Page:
9th Circuit Upholds One-Strike Drug Test Hiring Policy: Top [2011-03-03]



By John P. Kamin, Legal Editor


The 9th Circuit Court of Appeals ruled Wednesday that a major longshore employer may ban job applicants who test positive for drugs or alcohol during a pre-employment screening, but a dissenting judge voiced concerns about the “broad and pervasive impact” of the policy on rehabilitated drug addicts.


The federal appellate court upheld Pacific Maritime Association’s use of the “one-strike rule,” which bars it from considering any job applicant who tests positive for drug or alcohol use during the preemployment screening process.


In the case of Lopez v. Pacific Maritime Association, a three-judge panel determined that the employer’s rule did not violate California’s Fair Employment and Housing Act (FEHA), or the federal Americans with Disabilities Act (ADA). The association is the primary collective bargaining agent and payroll administrator for shipping lines, stevedore companies, and terminal operators on the West Coast.


The plaintiff, Santiago Lopez, had tested positive during his job application in 1997, successfully completed rehabilitation, but was barred from employment as a longshoreman when he reapplied in 2004. He subsequently filed suit, arguing that the one-strike policy facially discriminates against all fully recovered drug and alcohol addicts.


The majority of the 9th Circuit’s three-judge panel rejected this argument (known as a “disparate treatment” argument), and affirmed the trial court’s decision to grant summary judgment against him.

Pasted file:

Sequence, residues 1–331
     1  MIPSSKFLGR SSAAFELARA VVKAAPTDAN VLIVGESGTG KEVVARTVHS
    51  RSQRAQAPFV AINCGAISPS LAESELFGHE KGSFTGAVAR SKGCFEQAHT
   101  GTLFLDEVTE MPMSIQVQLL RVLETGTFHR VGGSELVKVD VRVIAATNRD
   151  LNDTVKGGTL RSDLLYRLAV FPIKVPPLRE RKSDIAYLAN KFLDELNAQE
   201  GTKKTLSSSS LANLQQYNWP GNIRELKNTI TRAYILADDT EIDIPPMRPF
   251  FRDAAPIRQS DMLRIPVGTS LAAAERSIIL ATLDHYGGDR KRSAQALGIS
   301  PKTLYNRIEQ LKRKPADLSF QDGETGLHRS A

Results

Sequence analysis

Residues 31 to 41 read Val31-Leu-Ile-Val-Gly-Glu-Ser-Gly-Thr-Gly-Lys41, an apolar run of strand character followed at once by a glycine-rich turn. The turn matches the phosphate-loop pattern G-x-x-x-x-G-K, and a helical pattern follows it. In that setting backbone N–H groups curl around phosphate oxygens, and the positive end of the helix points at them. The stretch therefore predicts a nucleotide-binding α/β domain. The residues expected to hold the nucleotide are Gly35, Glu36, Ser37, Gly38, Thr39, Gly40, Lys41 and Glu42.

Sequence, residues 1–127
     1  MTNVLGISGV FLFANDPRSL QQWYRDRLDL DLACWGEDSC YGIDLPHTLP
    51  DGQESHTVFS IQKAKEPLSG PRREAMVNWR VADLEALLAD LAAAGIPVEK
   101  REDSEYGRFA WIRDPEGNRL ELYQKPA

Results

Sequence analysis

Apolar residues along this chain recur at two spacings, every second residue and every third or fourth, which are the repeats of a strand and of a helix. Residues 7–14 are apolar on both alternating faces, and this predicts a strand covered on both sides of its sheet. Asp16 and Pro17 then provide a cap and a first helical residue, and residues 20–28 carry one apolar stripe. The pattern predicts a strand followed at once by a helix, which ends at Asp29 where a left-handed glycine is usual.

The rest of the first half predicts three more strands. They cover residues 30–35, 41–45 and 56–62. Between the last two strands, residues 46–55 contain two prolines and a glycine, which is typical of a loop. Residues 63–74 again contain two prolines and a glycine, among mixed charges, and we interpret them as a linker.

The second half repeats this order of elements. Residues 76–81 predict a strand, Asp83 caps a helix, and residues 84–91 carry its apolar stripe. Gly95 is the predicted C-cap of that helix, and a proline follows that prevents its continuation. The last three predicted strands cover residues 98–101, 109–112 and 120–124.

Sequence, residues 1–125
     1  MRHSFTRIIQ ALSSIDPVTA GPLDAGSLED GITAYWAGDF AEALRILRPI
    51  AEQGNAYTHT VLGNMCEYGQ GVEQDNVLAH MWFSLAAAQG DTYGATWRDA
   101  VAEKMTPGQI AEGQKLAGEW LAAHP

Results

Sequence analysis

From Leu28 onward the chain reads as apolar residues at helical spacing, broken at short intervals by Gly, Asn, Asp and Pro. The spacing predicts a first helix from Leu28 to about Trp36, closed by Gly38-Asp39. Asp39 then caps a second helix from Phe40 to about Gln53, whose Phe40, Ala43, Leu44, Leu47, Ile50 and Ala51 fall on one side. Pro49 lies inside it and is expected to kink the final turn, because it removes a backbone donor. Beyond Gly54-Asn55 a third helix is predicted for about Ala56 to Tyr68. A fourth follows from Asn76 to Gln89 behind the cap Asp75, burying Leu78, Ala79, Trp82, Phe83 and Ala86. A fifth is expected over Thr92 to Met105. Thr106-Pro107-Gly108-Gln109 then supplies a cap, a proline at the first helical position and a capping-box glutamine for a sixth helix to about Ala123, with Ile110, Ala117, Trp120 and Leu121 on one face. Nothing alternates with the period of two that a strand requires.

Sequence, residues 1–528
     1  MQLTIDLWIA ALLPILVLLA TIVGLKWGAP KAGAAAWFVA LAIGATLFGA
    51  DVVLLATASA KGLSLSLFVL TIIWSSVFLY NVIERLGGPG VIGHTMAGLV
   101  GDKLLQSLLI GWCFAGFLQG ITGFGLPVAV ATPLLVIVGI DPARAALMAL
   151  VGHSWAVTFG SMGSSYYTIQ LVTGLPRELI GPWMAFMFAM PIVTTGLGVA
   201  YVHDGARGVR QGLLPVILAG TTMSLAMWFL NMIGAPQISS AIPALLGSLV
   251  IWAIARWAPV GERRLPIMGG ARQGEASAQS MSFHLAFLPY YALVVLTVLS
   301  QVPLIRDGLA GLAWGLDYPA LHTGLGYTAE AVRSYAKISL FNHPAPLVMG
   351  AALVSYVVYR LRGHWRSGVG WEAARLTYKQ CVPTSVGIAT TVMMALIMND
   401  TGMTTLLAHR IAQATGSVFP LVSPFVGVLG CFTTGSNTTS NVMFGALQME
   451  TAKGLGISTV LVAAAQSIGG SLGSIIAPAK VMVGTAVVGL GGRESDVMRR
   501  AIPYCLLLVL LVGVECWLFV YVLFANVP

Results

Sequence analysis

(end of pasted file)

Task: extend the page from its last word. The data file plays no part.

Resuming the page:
“We disagree,” 9th Circuit Judge Susan Graber wrote. “The rule eliminates all candidates who test positive for drug use, whether they test positive because of a disabling drug addiction or because of an untimely decision to try drugs for the first time, recreationally, on the day before the drug test. Conversely, the rule allows a drug-addicted applicant who happens to be sober at the time of the drug test to complete pre-employment processing successfully . . . The triggering event for purposes of the one-strike rule is a failed drug test, not an applicant’s drug addiction.”


Lopez also argued that even if the policy does not intentionally and directly discriminate against fully rehabilitated addicts, it has a disparate impact against them. He had also presented some statistical evidence and a forensic economist’s analysis, which the majority deemed flawed because Lopez did not identify how many recovered drug addicts PMA hires, versus how many recovered drug addicts it turns away. The majority ultimately concluded that Lopez failed to provide sufficient statistical evidence that the policy has a disparate impact on former addicts.


“We recognize the challenge involved in bringing a disparate-impact claim of this kind, but both logic and precedent require him to produce some evidence that tends to show that the one-strike rule excludes recovering or recovered drug addicts disproportionately,” Graber wrote.


Judge Harry Pregerson dissented against the majority’s reasoning for several reasons. Firstly, he felt that Lopez had enough evidence to establish a prima facie case of adverse impact on former addicts. Secondly, he stated that Lopez did not need statistical evidence of disparate impact to prove his claim.


Lastly, Pregerson wrote that the court should have allowed Lopez’s case to survive summary judgment and go to trial because of the policy’s potential impact on the entire shipping industry.


“I do not suggest that we now determine whether lifetime employment bars resulting from a positive drug test necessarily violate the ADA,” he wrote. “It is clear, though, that where such a test is mandated by an employer who exercises singular control over an industry spanning the whole West Coast of the United States, the potential impact of the policy is broad and pervasive. I would allow Lopez’s case to proceed to determine whether PMA’s lifetime hiring ban in fact has an adverse impact on recovering addicts.”